by Simantini Dey Sep 20, 2013 14:59 IST
The most fun moment in Phata Poster Nikla Hero is the one in which Salman Khan makes a cameo appearance. It lasts for just about two minute, which means for hours, you just sit there wondering what on earth you’re watching. And then comes the film's climax, which will confuse the hell out of everyone who saw director Rajkumar Santoshi’s last film, Ajab Prem Ki Ghazab Kahani because you think you’ve bought a ticket to see the Shahid Kapoor-Ileana D’Cruz starrer Phata Poster, but what’s playing on screen seems to be from Ajab Prem. If Phata Poster is meant to be a comedy, it isn’t funny. If it is an action film, then it’s so last decade. What it definitely is, is a disappointment.
Phata Poster is about an aspiring actor, Vishwas Rao (Shahid Kapoor) who wants to be a famous hero one day. However, his mother (a wonderful Padmini Kolhapure) is an honest, auto-rickshaw driver who wants her son to be a good cop. This mother-son relationship is actually the anchor of the film and at several points strains of ‘Tujhe sab hai pata, meri maa’ (from Taare Zaamein Par) like song float in the background.
Thanks to a serendipitous turn of events, the Mumbai police as well as goons start believing that Vishwas is in fact a police inspector. Next thing you know, this fake cop and his mum are caught in the crossfire between the police and the Gundappa gang (baddies, obviously).
Shahid Kapoor owns whatever there is to own in this film. His face is like all the emoticons that you have ever seen, rolled into one. This could have been a bad thing, but when Kapoor pulls all these expressions, he manages to make it work. He is delightful in dance numbers like Khali Pili and Dhating Naach. However, there is only so much that he can with a half-baked character and a messy plot.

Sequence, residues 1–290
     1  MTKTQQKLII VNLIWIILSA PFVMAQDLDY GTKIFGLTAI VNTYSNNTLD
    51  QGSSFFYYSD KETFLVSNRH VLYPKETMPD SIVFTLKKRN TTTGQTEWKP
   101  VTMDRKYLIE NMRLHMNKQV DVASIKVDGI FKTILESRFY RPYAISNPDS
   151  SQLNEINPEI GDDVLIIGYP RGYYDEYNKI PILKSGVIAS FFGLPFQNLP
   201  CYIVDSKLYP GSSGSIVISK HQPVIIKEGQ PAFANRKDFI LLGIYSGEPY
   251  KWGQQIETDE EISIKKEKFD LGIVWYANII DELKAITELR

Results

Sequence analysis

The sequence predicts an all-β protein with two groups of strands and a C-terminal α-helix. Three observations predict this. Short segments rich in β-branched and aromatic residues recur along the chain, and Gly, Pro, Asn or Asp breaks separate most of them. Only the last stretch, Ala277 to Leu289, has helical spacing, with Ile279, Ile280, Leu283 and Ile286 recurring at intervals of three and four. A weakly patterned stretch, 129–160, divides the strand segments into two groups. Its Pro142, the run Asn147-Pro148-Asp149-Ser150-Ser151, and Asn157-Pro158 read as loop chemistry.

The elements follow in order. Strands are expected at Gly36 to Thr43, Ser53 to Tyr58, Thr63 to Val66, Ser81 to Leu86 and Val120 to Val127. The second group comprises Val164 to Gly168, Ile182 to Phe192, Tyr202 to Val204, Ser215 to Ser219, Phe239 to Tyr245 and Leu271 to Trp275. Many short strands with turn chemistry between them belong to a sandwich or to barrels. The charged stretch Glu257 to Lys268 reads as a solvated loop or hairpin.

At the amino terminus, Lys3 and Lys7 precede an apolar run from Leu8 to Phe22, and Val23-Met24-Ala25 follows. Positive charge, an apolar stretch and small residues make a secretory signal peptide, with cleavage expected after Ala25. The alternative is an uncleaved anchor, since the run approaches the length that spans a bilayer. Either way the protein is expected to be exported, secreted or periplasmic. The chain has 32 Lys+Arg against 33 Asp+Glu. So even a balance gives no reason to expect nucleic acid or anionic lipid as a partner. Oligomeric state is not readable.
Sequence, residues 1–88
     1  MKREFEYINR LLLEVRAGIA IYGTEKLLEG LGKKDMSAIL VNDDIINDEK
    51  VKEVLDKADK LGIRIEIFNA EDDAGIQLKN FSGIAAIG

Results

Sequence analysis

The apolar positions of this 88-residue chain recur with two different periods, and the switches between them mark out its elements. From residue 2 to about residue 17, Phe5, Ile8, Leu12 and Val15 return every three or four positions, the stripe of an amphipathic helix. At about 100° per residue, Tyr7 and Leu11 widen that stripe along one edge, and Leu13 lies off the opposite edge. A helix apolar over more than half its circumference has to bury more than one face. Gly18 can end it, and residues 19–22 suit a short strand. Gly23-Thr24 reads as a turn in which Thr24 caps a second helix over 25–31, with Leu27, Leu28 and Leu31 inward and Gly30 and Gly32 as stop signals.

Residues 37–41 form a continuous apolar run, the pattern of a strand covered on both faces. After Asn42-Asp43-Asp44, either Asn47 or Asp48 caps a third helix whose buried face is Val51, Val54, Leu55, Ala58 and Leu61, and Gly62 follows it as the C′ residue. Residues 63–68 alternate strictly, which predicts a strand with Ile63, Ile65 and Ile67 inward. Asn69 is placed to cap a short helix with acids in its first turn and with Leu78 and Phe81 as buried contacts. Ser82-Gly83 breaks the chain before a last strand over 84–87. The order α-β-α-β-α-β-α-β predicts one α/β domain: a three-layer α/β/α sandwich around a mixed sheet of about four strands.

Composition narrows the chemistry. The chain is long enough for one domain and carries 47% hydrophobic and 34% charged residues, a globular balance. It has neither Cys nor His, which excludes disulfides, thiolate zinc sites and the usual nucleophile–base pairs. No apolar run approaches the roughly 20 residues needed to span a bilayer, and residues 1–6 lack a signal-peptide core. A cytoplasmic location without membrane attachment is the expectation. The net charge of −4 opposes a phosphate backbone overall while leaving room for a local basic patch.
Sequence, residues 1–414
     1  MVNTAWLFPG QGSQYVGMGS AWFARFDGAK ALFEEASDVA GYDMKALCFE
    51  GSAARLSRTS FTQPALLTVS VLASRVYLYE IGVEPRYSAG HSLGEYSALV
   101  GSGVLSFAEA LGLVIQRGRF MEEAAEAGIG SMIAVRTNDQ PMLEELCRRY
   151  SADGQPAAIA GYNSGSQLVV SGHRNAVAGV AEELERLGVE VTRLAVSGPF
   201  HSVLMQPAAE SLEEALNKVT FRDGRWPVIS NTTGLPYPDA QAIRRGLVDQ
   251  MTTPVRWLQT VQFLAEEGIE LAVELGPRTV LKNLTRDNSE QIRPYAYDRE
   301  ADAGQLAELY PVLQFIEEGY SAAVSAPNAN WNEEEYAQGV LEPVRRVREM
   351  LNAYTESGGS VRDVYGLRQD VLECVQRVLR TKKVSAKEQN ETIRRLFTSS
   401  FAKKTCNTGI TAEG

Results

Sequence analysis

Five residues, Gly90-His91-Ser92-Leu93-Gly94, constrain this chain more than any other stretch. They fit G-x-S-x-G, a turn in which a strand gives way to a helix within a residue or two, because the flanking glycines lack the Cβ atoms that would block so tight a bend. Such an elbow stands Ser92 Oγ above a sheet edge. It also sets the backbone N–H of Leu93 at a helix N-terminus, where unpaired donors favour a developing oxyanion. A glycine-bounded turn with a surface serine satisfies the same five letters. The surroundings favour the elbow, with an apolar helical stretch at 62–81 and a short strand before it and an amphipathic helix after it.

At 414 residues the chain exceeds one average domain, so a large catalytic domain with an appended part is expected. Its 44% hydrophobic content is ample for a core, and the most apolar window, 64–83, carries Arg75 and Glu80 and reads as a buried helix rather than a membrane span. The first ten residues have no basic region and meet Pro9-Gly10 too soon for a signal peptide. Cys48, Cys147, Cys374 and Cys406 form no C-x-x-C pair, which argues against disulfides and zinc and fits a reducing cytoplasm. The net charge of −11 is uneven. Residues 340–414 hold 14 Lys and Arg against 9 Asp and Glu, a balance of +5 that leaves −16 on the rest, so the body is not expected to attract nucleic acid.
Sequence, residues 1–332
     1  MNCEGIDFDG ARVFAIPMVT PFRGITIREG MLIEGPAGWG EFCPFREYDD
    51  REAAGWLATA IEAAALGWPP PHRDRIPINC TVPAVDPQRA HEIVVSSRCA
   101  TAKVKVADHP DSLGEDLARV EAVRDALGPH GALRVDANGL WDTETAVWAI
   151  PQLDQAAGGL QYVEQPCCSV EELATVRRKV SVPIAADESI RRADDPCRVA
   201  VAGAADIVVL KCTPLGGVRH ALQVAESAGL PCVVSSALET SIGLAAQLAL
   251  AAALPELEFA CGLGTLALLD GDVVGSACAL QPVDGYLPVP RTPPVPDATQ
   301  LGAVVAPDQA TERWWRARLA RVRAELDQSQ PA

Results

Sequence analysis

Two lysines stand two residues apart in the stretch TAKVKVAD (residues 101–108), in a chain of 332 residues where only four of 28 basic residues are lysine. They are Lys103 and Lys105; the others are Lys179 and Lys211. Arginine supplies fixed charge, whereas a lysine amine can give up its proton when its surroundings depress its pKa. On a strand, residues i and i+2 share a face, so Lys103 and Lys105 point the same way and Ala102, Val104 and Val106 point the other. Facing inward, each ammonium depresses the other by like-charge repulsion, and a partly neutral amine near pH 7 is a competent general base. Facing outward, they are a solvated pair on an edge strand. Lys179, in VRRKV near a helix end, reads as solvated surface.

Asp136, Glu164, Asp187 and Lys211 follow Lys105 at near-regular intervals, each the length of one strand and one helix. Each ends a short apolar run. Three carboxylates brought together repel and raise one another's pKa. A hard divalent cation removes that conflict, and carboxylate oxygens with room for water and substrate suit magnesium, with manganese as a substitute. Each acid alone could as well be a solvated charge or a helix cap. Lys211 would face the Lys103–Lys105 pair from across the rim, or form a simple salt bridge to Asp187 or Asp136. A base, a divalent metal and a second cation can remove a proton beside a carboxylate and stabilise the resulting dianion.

Technically speaking, Vishwas Rao isn’t Chulbul Pandey (Dabangg) or Bajirao Singham (Singham). Neither is he anything like Akshay Kumar’s Bahattar Singh (Khiladi 786). And yet, all these men are so generic that you can’t help comparing them.
Vishwas, like all his illustrious onscreen predecessors, beats up a mini army of beefed-up men without a stain of sweat on his khaki uniform. He comes up with one-liners as though he as a copywriter of an advertising agency on hire. Unfortunately, Vishwas isn’t half as endearing as Chulbul Pandey or even remotely as cocky as Bahattar Singh. Thanks to the script, he spends most of his screen time trying too hard to be funny.
Vishwas’s love interest is Kajal, a social worker who’s sole aim in life is to register FIRs against wrongdoers. Played by Ileana D’Cruz whom we last saw in Barfi!, she’s known as “Complaint Kajal” by the police (yes, that’s what passes as humour in Phata Poster).
Despite her busy schedule of saving every damsel in distress and pestering policemen, Kajal manages to have perfectly coiffed hair and afford a wardrobe that could make a starlet very jealous. D’Cruz looks stunning. With her Bambi eyes and an impossible waistline, she is beautiful. Unfortunately, that’s not going to make audiences laugh, which is what a comedy needs to do.
D’Cruz can handle the emotional scenes, which are scarce in the film, but she is almost awkward in the high-octane comic scenes. Maybe that’s why the romance between Kapoor and D’Cruz’s characters is barely explored and is done away with three well-choreographed songs.
While the first half of the film is at least filled with dialogues aimed at making audiences laugh out loud, it seems Santoshi, who wrote the film, forgot that he was writing a comedy when he got to the second half. There are barely any scenes in it that make you chuckle. To make things worse, the chaotic climax is so similar to Ajab Prem Ki Ghazab Kahani that you sit through it fairly certain that in the middle of all the running around and everyone beating everyone else up, you’ll catch a glimpse of Ranbir Kapoor and Katrina Kaif.
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